I don’t agree with denigrating the faith traditions of students, and I don’t agree with presenting history in an unbalanced and inaccurate manner. However, I’m a public high school world history teacher, and I teach some of the more important theological issues. You simply can’t do justice to the Reformation by dealing only with socio-political aspects. Furthermore, state-mandated curricula sometimes actually require you to teach the religious issues. For example, in Virginia, where Old Dominion lives, the state standards state:

The student will demonstrate knowledge of the Reformation in terms of its impact on Western civilization by
a) explaining the effects of the theological, political, and economic differences that emerged, including the views and actions of Martin Luther, John Calvin, Henry VIII, and Elizabeth I;
b) describing the impact of religious conflicts, the Inquisition, and the Catholic Reformation on society and government actions;
c) describing changing cultural values, traditions, and philosophies, and assessing the role of the printing press.

In Texas, our standards call for us to teach the basic beliefs of several religious traditions. Even if I didn’t want to teach about religion in my class (which is not the case, it’s actually a subject matter where my students consistently show a high level of interest and engagement), there’s no way around it without jeopardizing my job, as we are not infrequently reminded that the curriculum is nonnegotiable.

Teaching about the theological “effects” of the reformation should not include denigrating the Catholic Church or any other faith community, spreading misinformation, and outright lies. How is that education? It’s not. It’s propaganda. Such mandates can be changed, especially since they can be so easily abused, and should be, IMHO. I wouldn’t want someone who couldn’t be impartial and has no real education in theological matters to be teaching my children about it. I don’t see why OldDominion need put up with hearing lectures questioning his faith simply because the reformation is an historical topic. A balanced approach is what is needed not a heavy-handed attack against one side of the issue.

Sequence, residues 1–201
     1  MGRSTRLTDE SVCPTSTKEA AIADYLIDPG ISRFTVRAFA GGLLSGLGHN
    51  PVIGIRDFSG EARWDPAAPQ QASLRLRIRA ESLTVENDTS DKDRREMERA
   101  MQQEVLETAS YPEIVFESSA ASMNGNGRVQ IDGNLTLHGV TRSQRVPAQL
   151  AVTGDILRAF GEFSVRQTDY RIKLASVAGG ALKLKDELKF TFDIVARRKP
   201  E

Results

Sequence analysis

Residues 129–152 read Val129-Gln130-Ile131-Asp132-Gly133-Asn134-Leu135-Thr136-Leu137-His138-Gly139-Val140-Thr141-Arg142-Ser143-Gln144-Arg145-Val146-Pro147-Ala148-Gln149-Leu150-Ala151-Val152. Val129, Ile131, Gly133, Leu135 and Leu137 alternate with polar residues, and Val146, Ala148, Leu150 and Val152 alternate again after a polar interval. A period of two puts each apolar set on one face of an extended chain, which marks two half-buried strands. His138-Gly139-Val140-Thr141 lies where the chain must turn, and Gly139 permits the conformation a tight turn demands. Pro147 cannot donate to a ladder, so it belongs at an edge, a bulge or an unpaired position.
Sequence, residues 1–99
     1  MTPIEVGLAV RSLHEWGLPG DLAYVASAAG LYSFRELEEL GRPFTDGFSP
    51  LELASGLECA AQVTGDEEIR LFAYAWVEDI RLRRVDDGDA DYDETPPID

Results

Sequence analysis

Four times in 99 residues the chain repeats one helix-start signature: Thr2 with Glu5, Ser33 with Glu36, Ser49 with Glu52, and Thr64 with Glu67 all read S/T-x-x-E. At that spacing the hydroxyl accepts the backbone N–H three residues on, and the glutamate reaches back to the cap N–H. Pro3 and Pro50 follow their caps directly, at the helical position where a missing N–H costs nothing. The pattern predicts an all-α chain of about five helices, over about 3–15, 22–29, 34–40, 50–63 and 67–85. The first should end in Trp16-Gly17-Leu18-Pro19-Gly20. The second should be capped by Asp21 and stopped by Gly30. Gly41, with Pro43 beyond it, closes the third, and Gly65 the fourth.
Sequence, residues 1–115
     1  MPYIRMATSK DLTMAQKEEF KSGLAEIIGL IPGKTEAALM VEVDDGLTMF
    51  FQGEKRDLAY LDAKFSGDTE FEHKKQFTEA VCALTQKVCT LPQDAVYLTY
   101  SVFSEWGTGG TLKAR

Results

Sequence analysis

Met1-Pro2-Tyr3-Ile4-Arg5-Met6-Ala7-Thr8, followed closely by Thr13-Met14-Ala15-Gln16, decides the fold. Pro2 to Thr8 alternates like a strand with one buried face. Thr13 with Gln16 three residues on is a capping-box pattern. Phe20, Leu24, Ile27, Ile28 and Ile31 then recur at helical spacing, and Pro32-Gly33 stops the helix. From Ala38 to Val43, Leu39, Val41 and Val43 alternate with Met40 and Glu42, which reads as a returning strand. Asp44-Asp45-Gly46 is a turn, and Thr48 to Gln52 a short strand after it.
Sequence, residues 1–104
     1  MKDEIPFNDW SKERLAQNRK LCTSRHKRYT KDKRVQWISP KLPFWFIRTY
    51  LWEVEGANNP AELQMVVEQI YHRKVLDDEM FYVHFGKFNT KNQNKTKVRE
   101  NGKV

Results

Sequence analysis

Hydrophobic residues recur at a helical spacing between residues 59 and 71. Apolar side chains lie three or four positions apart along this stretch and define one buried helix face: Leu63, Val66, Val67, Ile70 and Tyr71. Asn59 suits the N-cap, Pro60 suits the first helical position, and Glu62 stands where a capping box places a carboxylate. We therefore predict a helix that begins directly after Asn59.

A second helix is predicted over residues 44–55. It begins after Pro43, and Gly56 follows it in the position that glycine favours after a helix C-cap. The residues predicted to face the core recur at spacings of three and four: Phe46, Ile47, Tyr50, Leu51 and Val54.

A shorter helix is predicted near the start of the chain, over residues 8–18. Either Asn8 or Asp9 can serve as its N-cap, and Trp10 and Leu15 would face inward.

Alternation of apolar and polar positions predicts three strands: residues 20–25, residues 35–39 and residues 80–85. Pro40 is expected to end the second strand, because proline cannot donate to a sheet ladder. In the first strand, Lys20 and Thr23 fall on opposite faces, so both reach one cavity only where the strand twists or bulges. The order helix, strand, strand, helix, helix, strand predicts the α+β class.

Did you read all of my post? It began with “I don’t agree with denigrating the faith traditions of students, and I don’t agree with presenting history in an unbalanced and inaccurate manner.”

My fire was not directed at you :tiphat:, forgive me for not making that clear :blush: but at the flawed thinking that went into expecting people uneducated in theology to discuss the effects of theology on history. In this case, it was used as an excuse to push an anti-Catholic agenda–which should never have been allowed and should be stopped at once.

Thanks again for your answers everyone.

I don’t think he should be teaching theology, I was just thinking he could say something like, “catholic and protestants also disagree theologically. They have different bibles, and views of purgatory and things like that. It wasnt just a political split”. Just so people know its more complicated, and it aint black and white.

We have only been on the reformation for one day, so I feel its fair to give him a second day at least, to expand on his previous points. However, I don’t think it will be good. What I am worried about are the test and the quizzes we have each class. One study question is, " List 3 reason the Catholic Church was corrupt." What if one doesn’t believe they were?

then you need to reflect on the answers above, and shape your response accordingly. There was corruption within certain members of the clergy and the hierarchy; but that doe not mean the institution itself was corrupt.

As noted, there was sexual misconduct and crime within certain clergy and a few of the hierarchy; that doe not mean that the Church promotes, or even tolerates it.

Sin in the members of the Church does not eclipse the Truth.

Members of the Church always need renewal, not change in what the Church teaches.